The Roles and Responsibilities of the Philippine Judiciary

Have you ever wondered how disputes are settled? Say for instance, how is a conflict between two individuals solved? How is justice served when an individual violated a law? Where can people ask for help when the government commits violation of citizens’ rights? These questions pertain to the interpretation and application of the law.

You have already learned that the national government is comprised of three branches, which are co-equal and which operate under a system known as separation of powers and checks and balances. If the legislative enacts laws and the executive implements them, what roles does the judiciary play? This section deals with the third branch of the government— the judiciary. In addressing the questions raised above, the judiciary exercises what is called its judicial power.

Judicial Power

The power to decide on legal disputes is known as judicial power. Article VIII, Section 1 of the 1987 Constitution provides that “judicial power shall be vested in one Supreme Court and in such other lower courts as may be established by law.” As provided in the same section, “it includes the duty of the courts of justice to settle actual controversies involving rights which are legally demandable and enforceable, and to determine whether or not there has been a grave abuse of discretion amounting to lack or excess of jurisdiction on the part of any branch or instrumentality of the Government.” Hence, the central function of the judges is to adjudicate and interpret the law.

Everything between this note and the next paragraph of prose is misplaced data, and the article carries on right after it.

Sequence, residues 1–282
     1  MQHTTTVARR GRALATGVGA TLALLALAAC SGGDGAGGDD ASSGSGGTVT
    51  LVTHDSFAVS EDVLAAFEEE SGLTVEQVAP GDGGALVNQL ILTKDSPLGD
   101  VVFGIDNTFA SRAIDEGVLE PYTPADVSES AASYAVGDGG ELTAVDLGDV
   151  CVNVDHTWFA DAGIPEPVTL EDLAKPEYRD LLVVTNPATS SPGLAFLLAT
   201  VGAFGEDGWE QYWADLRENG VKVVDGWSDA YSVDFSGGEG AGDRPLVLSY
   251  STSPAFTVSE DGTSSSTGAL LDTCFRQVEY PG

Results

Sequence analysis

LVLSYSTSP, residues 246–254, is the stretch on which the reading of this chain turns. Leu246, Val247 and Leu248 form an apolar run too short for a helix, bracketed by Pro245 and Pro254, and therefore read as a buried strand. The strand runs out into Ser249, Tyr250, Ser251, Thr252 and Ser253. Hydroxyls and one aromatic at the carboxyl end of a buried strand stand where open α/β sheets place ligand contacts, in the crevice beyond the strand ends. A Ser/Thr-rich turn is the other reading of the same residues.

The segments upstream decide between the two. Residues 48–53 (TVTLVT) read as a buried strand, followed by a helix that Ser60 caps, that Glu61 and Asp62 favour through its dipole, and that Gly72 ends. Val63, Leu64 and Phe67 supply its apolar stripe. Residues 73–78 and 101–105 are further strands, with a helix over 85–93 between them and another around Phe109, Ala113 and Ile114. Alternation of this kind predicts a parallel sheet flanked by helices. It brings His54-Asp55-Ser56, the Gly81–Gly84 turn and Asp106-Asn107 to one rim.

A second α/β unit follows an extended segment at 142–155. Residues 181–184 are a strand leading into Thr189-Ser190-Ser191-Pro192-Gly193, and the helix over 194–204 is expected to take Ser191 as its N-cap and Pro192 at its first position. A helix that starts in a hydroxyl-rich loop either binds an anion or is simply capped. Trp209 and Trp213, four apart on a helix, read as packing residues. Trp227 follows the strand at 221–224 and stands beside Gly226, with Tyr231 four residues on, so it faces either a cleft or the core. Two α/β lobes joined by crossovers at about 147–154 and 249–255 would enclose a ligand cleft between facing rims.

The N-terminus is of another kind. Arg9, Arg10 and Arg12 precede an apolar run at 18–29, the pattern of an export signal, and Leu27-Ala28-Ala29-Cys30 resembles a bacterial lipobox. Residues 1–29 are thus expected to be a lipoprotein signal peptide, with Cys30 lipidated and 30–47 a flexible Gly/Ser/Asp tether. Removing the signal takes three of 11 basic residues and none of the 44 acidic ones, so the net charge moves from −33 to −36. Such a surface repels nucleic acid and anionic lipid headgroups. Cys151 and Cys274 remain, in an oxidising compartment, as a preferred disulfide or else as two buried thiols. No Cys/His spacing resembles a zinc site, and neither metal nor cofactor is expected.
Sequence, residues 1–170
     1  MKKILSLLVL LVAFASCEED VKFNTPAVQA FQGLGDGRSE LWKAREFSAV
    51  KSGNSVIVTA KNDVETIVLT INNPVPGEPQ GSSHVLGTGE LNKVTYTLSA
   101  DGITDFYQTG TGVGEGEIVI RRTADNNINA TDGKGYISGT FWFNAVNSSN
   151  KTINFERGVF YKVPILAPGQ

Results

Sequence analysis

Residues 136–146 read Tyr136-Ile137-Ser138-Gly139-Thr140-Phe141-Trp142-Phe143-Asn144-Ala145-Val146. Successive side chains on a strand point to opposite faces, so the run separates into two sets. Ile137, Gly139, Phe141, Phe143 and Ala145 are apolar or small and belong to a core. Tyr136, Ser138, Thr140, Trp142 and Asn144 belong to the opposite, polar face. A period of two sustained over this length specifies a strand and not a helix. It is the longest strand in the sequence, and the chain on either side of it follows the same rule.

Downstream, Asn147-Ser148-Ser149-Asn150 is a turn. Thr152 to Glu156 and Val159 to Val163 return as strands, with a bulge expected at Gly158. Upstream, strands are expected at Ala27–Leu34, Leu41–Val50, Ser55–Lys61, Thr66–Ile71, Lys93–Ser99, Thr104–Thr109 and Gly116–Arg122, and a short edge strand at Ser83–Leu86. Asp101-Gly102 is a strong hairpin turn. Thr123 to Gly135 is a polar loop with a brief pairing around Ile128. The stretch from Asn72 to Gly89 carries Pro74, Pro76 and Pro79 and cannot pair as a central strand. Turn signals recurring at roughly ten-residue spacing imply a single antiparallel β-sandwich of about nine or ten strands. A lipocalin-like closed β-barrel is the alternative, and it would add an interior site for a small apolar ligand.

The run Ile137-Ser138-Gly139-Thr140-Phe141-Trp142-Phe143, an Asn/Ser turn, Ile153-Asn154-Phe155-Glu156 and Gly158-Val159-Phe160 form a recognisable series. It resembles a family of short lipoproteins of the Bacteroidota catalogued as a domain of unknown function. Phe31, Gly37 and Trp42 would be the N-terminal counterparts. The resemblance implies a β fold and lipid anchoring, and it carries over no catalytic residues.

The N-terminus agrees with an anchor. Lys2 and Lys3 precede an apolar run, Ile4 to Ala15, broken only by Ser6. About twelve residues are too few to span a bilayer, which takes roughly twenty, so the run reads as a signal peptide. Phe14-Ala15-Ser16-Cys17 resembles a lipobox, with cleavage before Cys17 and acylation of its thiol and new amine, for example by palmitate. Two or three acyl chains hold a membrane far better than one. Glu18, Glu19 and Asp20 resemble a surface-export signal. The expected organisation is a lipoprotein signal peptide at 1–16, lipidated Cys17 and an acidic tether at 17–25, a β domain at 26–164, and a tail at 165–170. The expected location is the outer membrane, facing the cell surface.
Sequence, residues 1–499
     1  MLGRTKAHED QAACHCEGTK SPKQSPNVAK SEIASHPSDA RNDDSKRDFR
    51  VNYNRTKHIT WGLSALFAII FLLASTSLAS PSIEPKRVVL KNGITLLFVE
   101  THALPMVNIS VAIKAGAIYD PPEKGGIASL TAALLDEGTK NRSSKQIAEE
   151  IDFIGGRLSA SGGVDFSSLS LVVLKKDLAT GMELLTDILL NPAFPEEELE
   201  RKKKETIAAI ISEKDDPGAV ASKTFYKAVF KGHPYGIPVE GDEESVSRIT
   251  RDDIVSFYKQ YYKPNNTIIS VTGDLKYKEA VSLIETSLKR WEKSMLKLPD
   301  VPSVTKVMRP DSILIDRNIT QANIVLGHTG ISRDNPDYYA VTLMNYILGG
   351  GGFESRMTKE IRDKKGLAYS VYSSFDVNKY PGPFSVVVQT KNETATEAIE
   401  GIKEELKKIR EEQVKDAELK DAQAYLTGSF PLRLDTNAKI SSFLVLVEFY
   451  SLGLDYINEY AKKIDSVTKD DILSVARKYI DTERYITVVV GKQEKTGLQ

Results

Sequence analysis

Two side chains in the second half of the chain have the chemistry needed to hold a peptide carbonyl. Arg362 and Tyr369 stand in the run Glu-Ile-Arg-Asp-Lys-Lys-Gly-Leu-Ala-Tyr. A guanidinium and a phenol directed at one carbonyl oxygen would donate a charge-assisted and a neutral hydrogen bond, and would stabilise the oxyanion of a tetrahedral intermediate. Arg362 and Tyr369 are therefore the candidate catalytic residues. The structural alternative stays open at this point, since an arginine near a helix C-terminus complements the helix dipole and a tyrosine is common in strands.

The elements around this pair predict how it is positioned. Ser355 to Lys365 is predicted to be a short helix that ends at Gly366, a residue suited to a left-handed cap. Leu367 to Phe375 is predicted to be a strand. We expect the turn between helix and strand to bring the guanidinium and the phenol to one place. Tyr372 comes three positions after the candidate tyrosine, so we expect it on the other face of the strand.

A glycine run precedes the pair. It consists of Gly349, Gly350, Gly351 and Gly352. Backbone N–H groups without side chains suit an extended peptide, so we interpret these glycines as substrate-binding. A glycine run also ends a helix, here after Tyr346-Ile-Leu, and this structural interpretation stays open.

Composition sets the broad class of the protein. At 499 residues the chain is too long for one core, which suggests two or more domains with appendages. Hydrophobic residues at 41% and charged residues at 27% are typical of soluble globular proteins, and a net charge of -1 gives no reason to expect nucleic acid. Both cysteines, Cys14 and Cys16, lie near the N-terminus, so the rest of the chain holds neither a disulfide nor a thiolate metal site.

The judicial branch is one of the three independent, coequal, and coordinate branches of the government. The independence of the Philippine judiciary is manifested in the following:

  • Creation of the Judicial and Bar Council
  • Expanded power of judicial review
  • Fiscal autonomy of the judiciary
  • Power to review proclamation of martial law and the suspension of the writ of habeas corpus
  • Security of tenure of the judges
  • The Supreme Court as judge in presidential elections

Structure, Organization, and Composition of the Judiciary

The present judiciary is comprised of regular courts tasked to administer justice. These are organized into four, the first two being review courts and the last two being trial courts:

  • Supreme Court
  • Court of Appeals
  • Regional Trial Courts
  • Metropolitan Trial Courts, Municipal Trial Courts, Municipal Circuit Trial Courts, and Municipal Trial Courts in Cities

There are also special courts, which are tribunals that have limited jurisdiction over certain cases or controversies. One example is the Shari’a Court, which has the powers similar to the regular courts but the subjects over whom judicial powers are exercised are limited to Muslim Filipinos (Pangalangan 2011). Another is the Court of Tax Appeals, which retains exclusive appellate jurisdiction to review by appeal not only civil tax cases but also those that are criminal in nature. Finally, the Sandiganbayan is a special court that has jurisdiction over civil cases (including graft, corruption, and other offenses) committed by public officers and employees and those in government-owned or government-controlled corporations.